Got another bouquet for my kitchen tables today, and tossed the old mini-carnations that lasted about three weeks! How can I resist treating myself to a $3.49 bouquet of 6 deep, red roses? My paperwhites were flopping over , so I snipped them off and added them to the vase!
Speaking of Red Rose, I always buy Red Rose tea because of the free little porcelain figurine inside! Yes, it's kind of like getting a freebie in the cereal box! I added a little duck to my windowsill collection. I have quite a collection now.
Even though I do enjoy a morning mug of tea, I inherited most of my Red Rose figurines from Esther Brooks, my longtime friend and mentor. She taught English at Chenango Valley Schools and took up painting after she retired. Her devotion, energy and spirit survive to this day. (She died several years ago in her mid-nineties).After I got my license, I used to drive over to her home on the edge of a woods, and she treated me like her dearest friend. She treated everyone that way.
For years, she hosted an informal art group, composed of mostly older women. She'd usher everyone downstairs where each would work on an oil painting. Esther would offer tips and comments. My Mom belonged to this very loose knit group of artistic friends, and it was great for her to let her guard down somewhat. If I was in town, I'd often accompany her, and I relished hearing the others talk and socialize so easily, discussing not only their paintings, but their families and health concerns, etc. Then, we'd go upstairs to have potluck lunches,(Wanda was famous for her crustless pies!) often accompanied by freshly made iced tea, with mint leaves from their garden. Esther's sister, Ruth, shared the home with Esther and her husband, Cliff. Ruth often played piano upstairs, while we were in the basement. It was wonderful!
Ruth was artistic, too. She created small, clay figurines, usually of birds or wildlife. She perfectly captured the essence of polar bears and penguins. I have an ox and a koala bear she did. Esther preferred watercolors, especially portraits. She wasn't shy about asking striking looking people to model for her. One of her best oil portraits featured an African American woman in a richly patterned, golden caftan and matching headscarf. Her portrait looked serene and proud, and it seemed life-sized in my memory. Esther loved people, birds, flowers, gardening and was always creating something! Whenever I visited, it was like show-and-tell, as she eagerly showed me recently done watercolors she'd been working on- of an old, weathered barn,or a stone aqueduct or blazing, red poppies.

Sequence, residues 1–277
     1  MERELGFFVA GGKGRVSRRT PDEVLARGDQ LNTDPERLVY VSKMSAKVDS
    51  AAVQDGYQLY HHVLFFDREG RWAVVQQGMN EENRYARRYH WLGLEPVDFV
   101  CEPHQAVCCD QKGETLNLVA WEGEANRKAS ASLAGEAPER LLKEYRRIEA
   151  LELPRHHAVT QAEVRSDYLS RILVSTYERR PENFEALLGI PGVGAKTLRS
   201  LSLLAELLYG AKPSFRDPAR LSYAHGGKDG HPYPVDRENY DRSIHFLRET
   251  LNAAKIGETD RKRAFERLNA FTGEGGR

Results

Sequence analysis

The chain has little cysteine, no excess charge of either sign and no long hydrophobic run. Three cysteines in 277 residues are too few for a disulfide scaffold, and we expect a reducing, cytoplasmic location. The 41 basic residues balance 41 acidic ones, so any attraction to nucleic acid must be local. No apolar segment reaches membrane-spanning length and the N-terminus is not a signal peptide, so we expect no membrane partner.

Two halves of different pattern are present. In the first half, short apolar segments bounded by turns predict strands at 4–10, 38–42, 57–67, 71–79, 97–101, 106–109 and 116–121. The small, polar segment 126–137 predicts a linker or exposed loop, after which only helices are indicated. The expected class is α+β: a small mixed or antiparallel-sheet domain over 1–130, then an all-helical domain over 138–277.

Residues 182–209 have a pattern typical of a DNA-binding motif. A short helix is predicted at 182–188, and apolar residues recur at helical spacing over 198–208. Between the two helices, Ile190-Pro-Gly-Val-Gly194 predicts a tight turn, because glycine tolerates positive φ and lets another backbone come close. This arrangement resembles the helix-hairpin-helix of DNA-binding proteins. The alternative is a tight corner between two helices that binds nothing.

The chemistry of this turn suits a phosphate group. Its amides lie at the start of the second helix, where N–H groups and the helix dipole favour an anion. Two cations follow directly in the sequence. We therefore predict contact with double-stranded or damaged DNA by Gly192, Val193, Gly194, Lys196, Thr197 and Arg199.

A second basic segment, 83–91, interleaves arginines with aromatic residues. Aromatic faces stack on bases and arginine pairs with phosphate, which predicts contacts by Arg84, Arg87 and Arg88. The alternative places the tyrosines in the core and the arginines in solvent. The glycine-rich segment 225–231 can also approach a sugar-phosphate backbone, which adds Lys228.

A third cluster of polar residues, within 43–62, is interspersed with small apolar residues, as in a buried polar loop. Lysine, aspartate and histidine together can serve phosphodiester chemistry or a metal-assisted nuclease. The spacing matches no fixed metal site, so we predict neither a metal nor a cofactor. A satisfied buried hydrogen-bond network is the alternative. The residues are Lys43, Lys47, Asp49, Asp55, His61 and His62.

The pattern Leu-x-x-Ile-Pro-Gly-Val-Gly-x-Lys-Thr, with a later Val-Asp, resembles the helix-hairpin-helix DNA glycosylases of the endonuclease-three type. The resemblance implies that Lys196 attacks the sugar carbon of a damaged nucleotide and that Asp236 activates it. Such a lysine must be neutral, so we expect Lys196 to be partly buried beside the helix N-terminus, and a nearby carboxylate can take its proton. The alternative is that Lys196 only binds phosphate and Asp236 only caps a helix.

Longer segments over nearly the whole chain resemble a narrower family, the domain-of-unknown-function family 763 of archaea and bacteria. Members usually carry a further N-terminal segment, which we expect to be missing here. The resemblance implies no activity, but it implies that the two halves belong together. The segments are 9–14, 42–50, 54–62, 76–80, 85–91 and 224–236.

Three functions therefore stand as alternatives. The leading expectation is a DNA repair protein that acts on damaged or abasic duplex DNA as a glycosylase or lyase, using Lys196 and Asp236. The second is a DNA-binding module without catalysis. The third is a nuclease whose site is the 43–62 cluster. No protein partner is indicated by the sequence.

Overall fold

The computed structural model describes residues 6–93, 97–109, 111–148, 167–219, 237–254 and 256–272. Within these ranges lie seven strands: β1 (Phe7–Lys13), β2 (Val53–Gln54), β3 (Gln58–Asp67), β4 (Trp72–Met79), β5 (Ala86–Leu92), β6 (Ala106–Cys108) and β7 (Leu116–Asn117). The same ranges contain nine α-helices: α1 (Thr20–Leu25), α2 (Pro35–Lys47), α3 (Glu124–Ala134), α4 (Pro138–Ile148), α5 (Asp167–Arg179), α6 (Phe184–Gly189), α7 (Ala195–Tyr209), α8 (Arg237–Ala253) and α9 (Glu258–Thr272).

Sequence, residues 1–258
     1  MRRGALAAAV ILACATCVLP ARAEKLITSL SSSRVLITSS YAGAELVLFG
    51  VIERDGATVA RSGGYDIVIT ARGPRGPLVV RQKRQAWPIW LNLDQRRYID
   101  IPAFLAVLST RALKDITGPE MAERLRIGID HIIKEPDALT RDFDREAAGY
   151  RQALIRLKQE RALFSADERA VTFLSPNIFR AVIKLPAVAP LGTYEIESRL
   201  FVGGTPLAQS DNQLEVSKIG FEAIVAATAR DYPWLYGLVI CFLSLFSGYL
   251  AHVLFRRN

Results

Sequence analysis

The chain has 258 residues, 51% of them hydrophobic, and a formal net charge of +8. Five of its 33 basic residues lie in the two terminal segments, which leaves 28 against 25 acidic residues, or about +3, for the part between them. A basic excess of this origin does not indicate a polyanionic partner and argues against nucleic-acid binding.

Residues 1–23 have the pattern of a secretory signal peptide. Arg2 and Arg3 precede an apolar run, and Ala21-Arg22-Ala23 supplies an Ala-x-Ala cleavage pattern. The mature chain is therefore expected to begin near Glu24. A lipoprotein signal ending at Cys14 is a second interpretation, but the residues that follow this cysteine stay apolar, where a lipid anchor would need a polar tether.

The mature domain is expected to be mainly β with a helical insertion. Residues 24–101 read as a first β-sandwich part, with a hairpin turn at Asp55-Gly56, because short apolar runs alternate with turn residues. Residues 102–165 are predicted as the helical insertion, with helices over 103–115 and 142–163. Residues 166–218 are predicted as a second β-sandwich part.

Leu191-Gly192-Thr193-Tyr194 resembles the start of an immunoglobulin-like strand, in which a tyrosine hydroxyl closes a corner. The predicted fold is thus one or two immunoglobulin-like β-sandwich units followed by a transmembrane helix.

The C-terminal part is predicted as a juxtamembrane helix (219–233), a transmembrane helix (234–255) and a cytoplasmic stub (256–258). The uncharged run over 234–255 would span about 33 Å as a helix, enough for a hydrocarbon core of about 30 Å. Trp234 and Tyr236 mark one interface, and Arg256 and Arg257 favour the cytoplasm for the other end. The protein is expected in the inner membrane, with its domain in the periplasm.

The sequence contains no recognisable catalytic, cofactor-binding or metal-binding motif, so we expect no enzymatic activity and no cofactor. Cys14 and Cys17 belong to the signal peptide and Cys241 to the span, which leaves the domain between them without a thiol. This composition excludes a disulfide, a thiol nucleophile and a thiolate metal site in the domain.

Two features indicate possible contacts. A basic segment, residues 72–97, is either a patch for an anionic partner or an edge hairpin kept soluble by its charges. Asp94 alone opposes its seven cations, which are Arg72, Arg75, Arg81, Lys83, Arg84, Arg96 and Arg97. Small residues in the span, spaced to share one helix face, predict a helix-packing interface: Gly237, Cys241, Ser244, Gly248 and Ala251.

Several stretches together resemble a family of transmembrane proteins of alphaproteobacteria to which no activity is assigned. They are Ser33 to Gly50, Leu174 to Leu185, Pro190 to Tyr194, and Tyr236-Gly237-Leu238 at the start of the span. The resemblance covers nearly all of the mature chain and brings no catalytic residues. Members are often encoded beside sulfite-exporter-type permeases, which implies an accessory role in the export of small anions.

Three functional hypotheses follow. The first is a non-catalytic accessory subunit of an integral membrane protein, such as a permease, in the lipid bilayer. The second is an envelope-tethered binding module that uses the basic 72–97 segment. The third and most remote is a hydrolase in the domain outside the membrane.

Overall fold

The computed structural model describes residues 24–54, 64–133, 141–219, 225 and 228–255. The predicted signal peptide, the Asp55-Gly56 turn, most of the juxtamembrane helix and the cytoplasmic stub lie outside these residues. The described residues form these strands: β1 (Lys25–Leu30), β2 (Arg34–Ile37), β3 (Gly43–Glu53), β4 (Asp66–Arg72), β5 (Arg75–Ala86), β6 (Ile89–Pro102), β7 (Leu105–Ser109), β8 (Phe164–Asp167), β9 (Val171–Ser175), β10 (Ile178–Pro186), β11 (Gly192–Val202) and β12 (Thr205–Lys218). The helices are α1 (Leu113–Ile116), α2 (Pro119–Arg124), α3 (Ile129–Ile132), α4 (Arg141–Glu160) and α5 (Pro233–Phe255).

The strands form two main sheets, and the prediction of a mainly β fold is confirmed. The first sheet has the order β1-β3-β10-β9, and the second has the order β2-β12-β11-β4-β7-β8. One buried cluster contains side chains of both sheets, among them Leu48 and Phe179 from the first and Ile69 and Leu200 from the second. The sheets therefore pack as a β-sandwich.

Even when she moved into assisted living, she'd show me sketches of the van's driver, or relate amusing senior citizen stories, mimicking table manners of her dining room companions. I really miss Esther. I hadn't intended to write about her, but the Red Rose figurines along my windowsill loosened my memory. I think I also feel guilty that her obituary made no mention of her artistic influence on many in our community, and I didn't have the gumption at her memorial service to stand up and say how much she meant to me.(I've always regretted it) Although those who knew her, know what a great gal she was.
I finally broke down and bought a 50 pound bag of black, oil sunflower seeds for $20 at the local feed store. I was paying $4 for five pounds every two days. Our two feeders are busier than the local diner. (There are often 50-70 small birds in our yard at one time along with three sets of cardinals)
I've been plugging away at my train drawings; started another one this week. I'm also nearing completion of my quilt series, 20 wall hangings- each one featuring a dozen illustrations from my annual calendar. I can't remember when I got the idea to transfer all my illustrations onto muslin panels. I hope to have a show in the community room of the Sidney library. Maybe in March?